Note-taking apps are a dime a dozen. Some are too simple for anything but the simplest of tasks. Others are abundant in features that are locked behind premium accounts. Can’t we have the best of both worlds?
For a while, the cross-platform note-taking app Evernote was the de facto standard. That’s not true anymore. While Evernote is still a remarkable app, Microsoft recently upped their game when they announced that OneNote would be more free than ever before.
Sounds like a funny statement, doesn’t it? But it’s true. OneNote has never been more free. Does that make it the ideal note-taking app for you? It might!
The Appeal of OneNote
The primary selling point for OneNote is its sense of organization. Take one look at its interface design and you’ll notice that it’s incredibly sleek, clean, and minimal. There are no distracting elements at all. You have your notes, your hierarchy of notebooks, and that’s it.
That kind of compliment isn’t typical for Microsoft, who is often known for clunky designs and unwieldy layouts. OneNote is their biggest exception and I have to say, I’m impressed. It’s truly one of the best apps on the market.
And I’m not the only one who has praise for OneNote.
We’ve looked at OneNote for Windows 8 and seen that it’s perfect for tablets, laptops, and desktops. We’ve remarked about OneNote on Windows Phone and how easy it is to use. We’ve even compared OneNote for Android against other note-taking apps and concluded that it’s a worthy contender.
Which brings us to another huge point: OneNote is cross-platform. Windows and Windows Phone are obviously supported, but it can also be used through Android, iOS, Mac, and the web with OneNote Online.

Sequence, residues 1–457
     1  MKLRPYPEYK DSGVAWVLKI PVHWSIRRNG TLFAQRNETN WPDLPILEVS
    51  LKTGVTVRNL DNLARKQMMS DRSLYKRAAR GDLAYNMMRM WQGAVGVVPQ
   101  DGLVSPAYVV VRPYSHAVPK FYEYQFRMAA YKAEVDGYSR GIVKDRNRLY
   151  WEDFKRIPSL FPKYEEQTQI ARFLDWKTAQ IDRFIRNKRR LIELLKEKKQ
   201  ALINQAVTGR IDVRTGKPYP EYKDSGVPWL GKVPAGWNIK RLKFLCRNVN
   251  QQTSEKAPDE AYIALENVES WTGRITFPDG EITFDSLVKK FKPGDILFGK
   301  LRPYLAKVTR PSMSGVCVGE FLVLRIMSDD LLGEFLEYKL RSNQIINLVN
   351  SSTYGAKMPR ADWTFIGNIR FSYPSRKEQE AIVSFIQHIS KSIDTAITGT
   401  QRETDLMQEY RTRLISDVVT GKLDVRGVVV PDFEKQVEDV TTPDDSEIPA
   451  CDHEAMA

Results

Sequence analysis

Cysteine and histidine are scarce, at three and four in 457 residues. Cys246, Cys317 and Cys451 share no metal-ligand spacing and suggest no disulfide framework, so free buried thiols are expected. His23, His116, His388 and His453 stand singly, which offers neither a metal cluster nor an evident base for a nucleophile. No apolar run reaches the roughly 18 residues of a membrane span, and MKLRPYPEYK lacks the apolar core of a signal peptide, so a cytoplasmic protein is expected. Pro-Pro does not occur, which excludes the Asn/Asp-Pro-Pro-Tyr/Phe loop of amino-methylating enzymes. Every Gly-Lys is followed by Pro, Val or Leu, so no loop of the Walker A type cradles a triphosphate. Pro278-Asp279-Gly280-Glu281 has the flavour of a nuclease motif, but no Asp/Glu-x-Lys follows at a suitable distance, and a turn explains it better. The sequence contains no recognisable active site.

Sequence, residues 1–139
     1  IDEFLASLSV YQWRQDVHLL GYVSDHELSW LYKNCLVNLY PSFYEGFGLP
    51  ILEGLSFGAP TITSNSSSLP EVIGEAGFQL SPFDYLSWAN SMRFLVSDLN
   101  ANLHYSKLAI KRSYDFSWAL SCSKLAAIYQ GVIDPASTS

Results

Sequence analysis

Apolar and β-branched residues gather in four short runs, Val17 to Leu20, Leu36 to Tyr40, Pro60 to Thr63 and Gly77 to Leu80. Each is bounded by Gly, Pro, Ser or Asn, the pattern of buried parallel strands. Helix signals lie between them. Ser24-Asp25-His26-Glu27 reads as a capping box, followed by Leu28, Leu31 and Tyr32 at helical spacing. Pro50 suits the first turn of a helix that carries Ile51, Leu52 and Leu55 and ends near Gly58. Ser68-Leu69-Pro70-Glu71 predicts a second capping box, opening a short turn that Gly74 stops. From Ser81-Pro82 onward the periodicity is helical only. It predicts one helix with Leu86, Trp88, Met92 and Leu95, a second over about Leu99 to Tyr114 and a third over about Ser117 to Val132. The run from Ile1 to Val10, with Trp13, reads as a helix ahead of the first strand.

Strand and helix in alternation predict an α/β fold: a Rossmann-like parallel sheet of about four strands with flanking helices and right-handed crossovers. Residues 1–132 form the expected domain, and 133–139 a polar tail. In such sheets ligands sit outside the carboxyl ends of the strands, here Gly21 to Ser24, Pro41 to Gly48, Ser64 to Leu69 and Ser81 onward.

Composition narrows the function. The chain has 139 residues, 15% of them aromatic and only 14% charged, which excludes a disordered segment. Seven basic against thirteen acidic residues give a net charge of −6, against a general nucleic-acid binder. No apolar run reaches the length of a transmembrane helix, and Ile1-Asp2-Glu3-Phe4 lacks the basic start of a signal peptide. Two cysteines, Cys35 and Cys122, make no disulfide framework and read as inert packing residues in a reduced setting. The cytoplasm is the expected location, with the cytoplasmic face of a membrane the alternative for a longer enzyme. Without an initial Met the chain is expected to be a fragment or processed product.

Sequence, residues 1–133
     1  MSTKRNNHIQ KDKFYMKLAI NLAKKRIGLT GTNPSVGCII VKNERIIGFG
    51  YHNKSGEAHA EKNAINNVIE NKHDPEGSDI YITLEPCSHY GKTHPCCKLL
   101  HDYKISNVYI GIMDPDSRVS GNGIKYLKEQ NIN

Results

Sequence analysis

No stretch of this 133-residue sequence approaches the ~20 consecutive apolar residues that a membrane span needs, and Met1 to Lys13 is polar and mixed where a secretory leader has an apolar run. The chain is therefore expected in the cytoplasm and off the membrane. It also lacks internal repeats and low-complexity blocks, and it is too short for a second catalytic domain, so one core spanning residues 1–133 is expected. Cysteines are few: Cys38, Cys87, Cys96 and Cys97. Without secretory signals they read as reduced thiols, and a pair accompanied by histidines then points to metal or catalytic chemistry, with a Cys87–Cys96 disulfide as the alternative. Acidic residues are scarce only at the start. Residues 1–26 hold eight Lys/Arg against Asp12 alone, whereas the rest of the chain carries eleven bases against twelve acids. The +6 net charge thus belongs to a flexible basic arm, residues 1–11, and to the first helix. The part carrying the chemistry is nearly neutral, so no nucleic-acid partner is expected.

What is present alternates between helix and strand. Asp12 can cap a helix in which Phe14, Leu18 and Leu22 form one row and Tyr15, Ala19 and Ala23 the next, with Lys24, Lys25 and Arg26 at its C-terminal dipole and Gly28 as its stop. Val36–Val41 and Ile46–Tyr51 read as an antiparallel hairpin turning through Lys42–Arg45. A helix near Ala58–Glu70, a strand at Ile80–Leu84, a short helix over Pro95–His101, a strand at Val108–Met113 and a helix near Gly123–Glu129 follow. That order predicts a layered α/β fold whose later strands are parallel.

Thanks to built-in synchronization with OneDrive (formerly SkyDrive), you can access the same notes on all of these devices.
Is It Really Free?
When OneNote first went free in 2014, it was only cause for semi-celebration. Sure, it meant that anyone could download it and start taking notes right away, plus it was also made available for Mac at that same time.
But there were still a few killer features that were held behind a premium version only available to Office 365 and Office 2013 customers. With their most recent announcement, Microsoft has removed all restrictions from the free version of OneNote.
So which restrictions were lifted?
Sections can be password protected. What’s great about OneNote is that each notebook is split into sections and each section contains multiple pages. Rather than locking notebooks, OneNote lets you lock sections for more control.
Revision history for pages. Version control for writers is incredibly important. Not only can it double as a system for data backups, it can help you retrieve past drafts that no longer exist on file. OneNote now has built-in version histories for all notes.
Audio and video notes. Audio and video notes are nothing new, but OneNote lets you take notes that are linked to specific timestamps in the recordings. That way, you can quickly jump to certain sections on demand (e.g. lecture notes).
Audio and video search. OneNote can even find certain sections of audio or video based on a text search. If your corporate manager mentioned “renovations” in the last meeting, but you don’t remember when she said it, you can literally search for it.
Embedded files. Feel free to embed files directly into notebooks. OneNote can handle them without a problem.
Become a OneNote Master
As you can probably tell, OneNote is simple but powerful. There are plenty of other features worth learning about in order to maximize your note-taking productivity. Done properly, OneNote can make your life so much easier.
Do you use Microsoft OneNote? If so, how does it compare to other note-taking apps you’ve used? If not, will these new free features be enough to pull you in? Share your thoughts with us in the comments below!